These old tech companies aren't the only ones languishing as they are perceived as revenue growth deprived and innovationless. Apple (NASDAQ:AAPL) is trading at barely 3 times cash and less than 8 times earnings after backing out said cash stash. Contrast this with Google (NASDAQ:GOOG), which is trading at 24 times earnings even assuming earnings grow 17% over last year's results. This would be a remarkable achievement for such a large company to achieve for even one year, much less 5 straight like Google has. As we saw with Apple, it becomes increasingly difficult to grow the larger you get, and Google would have to continue to grow earnings at 17% for another 7 years before passing Apple's annual income. Despite this lofty hurdle, Google is already nipping at Apple's heels in terms of total market cap, at a valuation of $410 billion versus just $475 billion for Apple, and if you factor in net cash positions, Google is actually already the larger company by enterprise value.

    Clearly investors are ready to pay up on the hopes that Google can start to better monetize their popular Android operating system, something Apple already has achieved, with iOS garnering over half of all profits from mobile devices. There are also moon-shot expectations baked into the stock, such as gaining widespread popularity for wearable devices like Google Glass, not to mention innovations like driverless cars, but so far there hasn't been much tangible evidence that Google can move away from deriving over 90% of their revenues from their dominant online advertising platforms like search and YouTube. This market is also expected to get more competitive as other titans like Facebook (NASDAQ:FB) and Amazon (NASDAQ:AMZN) vie for the larger share of advertising dollars implied by their own overextended stock prices.

    At the risk of belaboring the point, I would also point out another disconnect with a company I've been wrong on so far, Chipotle Mexican Grill (NYSE:CMG). I'm skeptical that they can keep up the incredible same store sales growth they've shown lately, which clocked in at an astounding 9.3% last quarter and 5.6% for the full year. Chipotle management has repeatedly warned that they are unlikely to keep this up forever, forecasting only "low to mid-single-digit" comps growth for the current year. This is even after raising it from the "low single-digits" due to the momentum shown at the end of last year, but any additional sales growth is counting on them being able to raise menu prices in order to pass through cost increases in the high quality organic ingredients Chipotle prides itself on serving.

    However, in part because of these impressive results, Chipotle's stock price is now pushing $600, good for a trailing P/E ratio of well over 50 based on last year's earnings of $10.47. The forward P/E ratios based on this year and next year's expected earnings are also at the lofty levels of 46 and 37, respectively. Even with the latter value, this would result in a PEG ratio of about 1.7 based on expected 5 year earnings growth of 22%. When you have to use forward PEG ratios to justify buying a stock at these levels, I remain skeptical that there's much value left in Chipotle at these prices, even if they do continue to put up good operating results for awhile longer.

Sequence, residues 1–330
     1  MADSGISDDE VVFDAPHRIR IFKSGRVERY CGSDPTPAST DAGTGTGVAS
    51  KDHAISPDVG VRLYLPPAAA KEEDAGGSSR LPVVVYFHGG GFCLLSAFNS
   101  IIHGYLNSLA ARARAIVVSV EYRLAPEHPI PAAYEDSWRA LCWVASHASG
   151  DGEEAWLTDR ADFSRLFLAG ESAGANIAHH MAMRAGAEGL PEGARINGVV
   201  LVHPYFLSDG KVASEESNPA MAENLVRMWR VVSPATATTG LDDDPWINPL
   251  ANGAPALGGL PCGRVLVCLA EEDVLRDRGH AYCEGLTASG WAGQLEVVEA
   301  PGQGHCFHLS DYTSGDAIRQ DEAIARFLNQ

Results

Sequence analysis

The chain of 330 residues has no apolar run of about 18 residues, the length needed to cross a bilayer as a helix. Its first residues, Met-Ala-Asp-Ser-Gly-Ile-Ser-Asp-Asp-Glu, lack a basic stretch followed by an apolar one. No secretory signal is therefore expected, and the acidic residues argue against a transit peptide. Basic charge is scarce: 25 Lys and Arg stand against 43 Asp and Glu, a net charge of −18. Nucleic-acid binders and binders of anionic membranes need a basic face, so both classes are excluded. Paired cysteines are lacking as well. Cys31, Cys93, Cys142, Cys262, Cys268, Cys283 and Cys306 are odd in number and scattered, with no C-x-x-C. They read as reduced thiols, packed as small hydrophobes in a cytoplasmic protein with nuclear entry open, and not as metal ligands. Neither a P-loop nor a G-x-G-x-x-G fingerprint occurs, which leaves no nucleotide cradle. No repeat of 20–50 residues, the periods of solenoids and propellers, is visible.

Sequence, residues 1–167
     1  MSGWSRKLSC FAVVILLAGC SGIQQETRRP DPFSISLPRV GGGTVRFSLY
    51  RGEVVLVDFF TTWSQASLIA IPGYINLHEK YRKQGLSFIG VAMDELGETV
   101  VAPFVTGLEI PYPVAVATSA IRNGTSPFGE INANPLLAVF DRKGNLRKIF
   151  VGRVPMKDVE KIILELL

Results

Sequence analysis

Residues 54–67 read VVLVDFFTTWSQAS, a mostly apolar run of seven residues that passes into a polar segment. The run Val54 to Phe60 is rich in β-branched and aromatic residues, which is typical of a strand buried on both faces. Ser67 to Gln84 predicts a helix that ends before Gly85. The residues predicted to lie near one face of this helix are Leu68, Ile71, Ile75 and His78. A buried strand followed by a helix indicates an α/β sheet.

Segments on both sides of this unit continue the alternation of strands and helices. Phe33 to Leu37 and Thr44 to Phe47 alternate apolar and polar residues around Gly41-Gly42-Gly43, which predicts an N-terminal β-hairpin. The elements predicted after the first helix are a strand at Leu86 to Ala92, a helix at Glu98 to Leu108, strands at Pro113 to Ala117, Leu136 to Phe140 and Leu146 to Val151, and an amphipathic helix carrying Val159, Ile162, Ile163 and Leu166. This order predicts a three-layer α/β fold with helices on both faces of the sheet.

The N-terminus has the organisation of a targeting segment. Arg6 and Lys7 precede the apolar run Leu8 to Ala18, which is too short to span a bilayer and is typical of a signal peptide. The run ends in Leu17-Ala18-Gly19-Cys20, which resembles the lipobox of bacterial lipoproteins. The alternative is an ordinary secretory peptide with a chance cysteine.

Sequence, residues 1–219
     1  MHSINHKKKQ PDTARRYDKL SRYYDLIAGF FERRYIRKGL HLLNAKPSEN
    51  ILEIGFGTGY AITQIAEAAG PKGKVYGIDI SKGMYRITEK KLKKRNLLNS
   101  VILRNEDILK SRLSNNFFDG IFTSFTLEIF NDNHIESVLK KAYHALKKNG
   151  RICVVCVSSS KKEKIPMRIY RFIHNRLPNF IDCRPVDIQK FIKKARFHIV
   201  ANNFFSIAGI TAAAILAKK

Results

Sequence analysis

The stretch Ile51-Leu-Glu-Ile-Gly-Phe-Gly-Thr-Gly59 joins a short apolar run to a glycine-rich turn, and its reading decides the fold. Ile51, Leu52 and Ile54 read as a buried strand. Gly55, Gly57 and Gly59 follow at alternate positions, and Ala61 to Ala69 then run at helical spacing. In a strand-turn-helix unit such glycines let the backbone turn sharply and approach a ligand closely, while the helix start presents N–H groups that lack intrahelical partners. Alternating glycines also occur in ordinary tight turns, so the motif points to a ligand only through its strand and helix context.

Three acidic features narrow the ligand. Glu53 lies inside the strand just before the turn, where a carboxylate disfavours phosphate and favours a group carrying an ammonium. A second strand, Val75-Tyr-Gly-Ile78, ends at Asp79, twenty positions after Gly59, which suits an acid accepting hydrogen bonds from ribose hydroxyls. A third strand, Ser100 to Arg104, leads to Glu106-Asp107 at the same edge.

In contrast, the company that Chipotle was actually spun out of back in the day, McDonald's (NYSE:MCD), looks downright cheap by comparison. The company is trading at 17 times last year's earnings and 16 and 15 times the earnings expected this year and next. McDonald's $94 billion market capitalization implies that each of their over 35,000 restaurants is valued at about $2.65 million each. Compare this with Chipotle, whose over $18 billion market cap values each of the approximately 1600 locations they had at the end of last year at over $11.5M each, over 4 times higher than each McDonald's.

    Moreover, McDonald's actually owns much of the valuable real estate under their restaurants, reporting about $20 billion worth of owned land and buildings on this owned land, out of the $40 billion in total property and equipment that are held on the balance sheet at cost. This means that the value of most of these properties are probably understated since many of them have been held for years or even decades. Compared to Chipotle's strategy of leasing most of their land, I would personally much rather buy a restaurant that generated $150,000 in annual profits for $2.65 million and own some of the land and property outright as well, instead of having to pay $11.5 million for one generating $200,000 and getting less value in leasehold improvements, no matter how enticing the growth prospects appear to be.

    These are just several examples of what I view to be pricing discrepancies between older, boring, more profitable companies and newer, exciting ones that exhibit the kind of revenue growth that investors seem to be infatuated with. There are legitimate reasons why you might want to focus on revenue growth, notably that profit margins are at all time highs, meaning stagnating companies might have difficulty squeezing profit growth from spending cuts. However, you have to be careful not to pay an absurdly high price for earnings that might never materialize, so I would avoid the stocks that have these overly optimistic assumptions baked into the current share price and instead choose the reasonably valued companies that people currently don't seem to think will be able to compete with the flashier upstarts.

    Disclosure: I am long AAPL, F, MSFT. I wrote this article myself, and it expresses my own opinions. I am not receiving compensation for it (other than from Seeking Alpha). I have no business relationship with any company whose stock is mentioned in this article.

    Mar 10 5:42 PM | Link | 3 Comments